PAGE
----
According to the manufacturer, customers will be able to purchase a correspondingly equipped vehicle in the first half of 2022. Initially, however, only the flagship models of the S-Class and its electrically driven counterpart, the EQS, will be equipped with this feature called “Drive Pilot”. The Drive Pilot manages speeds up to 60 km/h, and its application is limited to motorways. However, the system is also capable of driving in heavy traffic and in stop-and-go mode. Autonomy level 3 allows the driver to turn away from traffic and pursue secondary activities. However, should the electronics or sensors fail, the driver must be able to take control at any time within a few seconds.
Mercedes Drive Pilot: Sensor technology and redundancy.
Drive Pilot uses extensive environmental sensor technology with various redundancy and fallback levels. These include radar and lidar as well as a camera in the rear window and microphones, especially for detecting signal horns from emergency vehicles, as well as a wetness sensor in the wheel arch. In addition to the sensor data, the system receives information on road geometry, route characteristics, traffic signs and special traffic events such as accidents or road works from an HD map. This is made available and updated via a backend connection. The Drive Pilot also has redundant steering and braking systems as well as a redundant on-board network to remain manoeuvrable even if one of these systems fails and to ensure a safe handover to the driver.
If the driver does not take over control of the vehicle even after an escalated takeover request and expiry of the takeover time, the system brakes the vehicle to a standstill in a controlled manner and with an appropriate delay as part of a safety stop. At the same time, the hazard warning lights and, when stationary, the emergency call system are activated and the doors and windows are unlocked.
When designing the Mercedes-Benz system, safety was given top priority, the company says. This includes high demands on operational safety. The exact location of the vehicle is determined using a high-precision positioning system. This is more exact than conventional GPS systems. In addition, the data determined by satellite navigation is compared with sensor data and data from an HD map. Sensor data acquired by lidar, camera and radar sensors provide information on road geometry, route characteristics, landmarks and traffic signs.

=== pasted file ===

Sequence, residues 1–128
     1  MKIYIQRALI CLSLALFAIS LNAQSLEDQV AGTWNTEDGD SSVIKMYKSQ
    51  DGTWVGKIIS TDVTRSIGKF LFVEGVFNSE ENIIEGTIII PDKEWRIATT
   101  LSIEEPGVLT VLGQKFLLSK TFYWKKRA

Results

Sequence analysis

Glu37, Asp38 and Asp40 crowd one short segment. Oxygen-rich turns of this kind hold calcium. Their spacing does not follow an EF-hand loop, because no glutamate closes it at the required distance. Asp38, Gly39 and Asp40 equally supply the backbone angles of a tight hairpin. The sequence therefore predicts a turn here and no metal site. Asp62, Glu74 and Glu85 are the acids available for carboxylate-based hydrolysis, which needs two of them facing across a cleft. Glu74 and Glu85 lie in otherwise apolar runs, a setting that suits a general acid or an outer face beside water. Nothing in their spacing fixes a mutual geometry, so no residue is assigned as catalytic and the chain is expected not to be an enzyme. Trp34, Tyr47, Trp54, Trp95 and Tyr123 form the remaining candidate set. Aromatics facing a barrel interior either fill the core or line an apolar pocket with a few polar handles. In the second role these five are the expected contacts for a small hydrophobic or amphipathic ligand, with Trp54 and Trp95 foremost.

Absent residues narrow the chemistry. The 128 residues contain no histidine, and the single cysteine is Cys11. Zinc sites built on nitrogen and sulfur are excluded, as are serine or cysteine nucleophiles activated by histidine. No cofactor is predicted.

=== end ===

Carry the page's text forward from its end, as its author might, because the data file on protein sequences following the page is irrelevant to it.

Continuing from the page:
The HD map provides a 3D image of the road and its surroundings. The map data is stored in back-end data centres and constantly updated. Each suitably equipped vehicle stores an image of this map information locally, compares it constantly with the backend data and updates the local data set. The HD map thus provides stable positioning through environment representation independent of e.g. shadowing or dirty sensors. It also provides information on road geometry or special traffic events such as road works. This high-precision map differs from maps for navigation devices by, among other things, its higher accuracy in the centimetre instead of metre range and its detailed intersection and lane model.
A high-performance central computer implements the sophisticated software functions required for highly automated driving. As part of the safety architecture, critical algorithms are calculated redundantly.
During the automated journey, the system allows the driver to take his mind off the traffic and focus on certain secondary activities. For example, writing e-mails, surfing the Internet or watching a film in a relaxed atmosphere. In Drive Pilot mode, applications can be enabled on the central display integrated in the vehicle that are otherwise blocked while driving.
“With the approval from the authorities, we have achieved a breakthrough: We are the first manufacturer to put highly automated driving into series production in Germany,” says Markus Schäfer, Chief Technology Officer at Mercedes-Benz AG. “With this milestone, we are ushering in a radical paradigm shift. Because for the first time in 136 years of automotive history, the vehicle will take over the dynamic driving task under certain conditions.”
Initially, the system can be used on the German Autobahn network © Mercedes-Benz
Mercedes-Benz is initially offering Drive Pilot in Germany for journeys on motorways – that is, after all, more than 13,000 kilometres of road. Test drives of the system are already underway in the USA and China, for example. As soon as there is a national legal framework for highly automated operation in additional markets, which in particular permits a diversion from the driving task, the international introduction will take place step by step.
Germany has taken a pioneering role in this respect with the opening of the Road Traffic Act (StVG) for Level 3 systems in 2017. This means that the conditions for highly automated driving at level 3 of the SAE system are fulfilled within Germany. The technical approval regulation with which such a system can be certified came into force at the beginning of 2021. Since then, it can be implemented in Europe. With the opening of the Road Traffic Act (StVG) for Level 3 systems in 2017, Germany was the first country to create a legal basis for the intended use of these systems.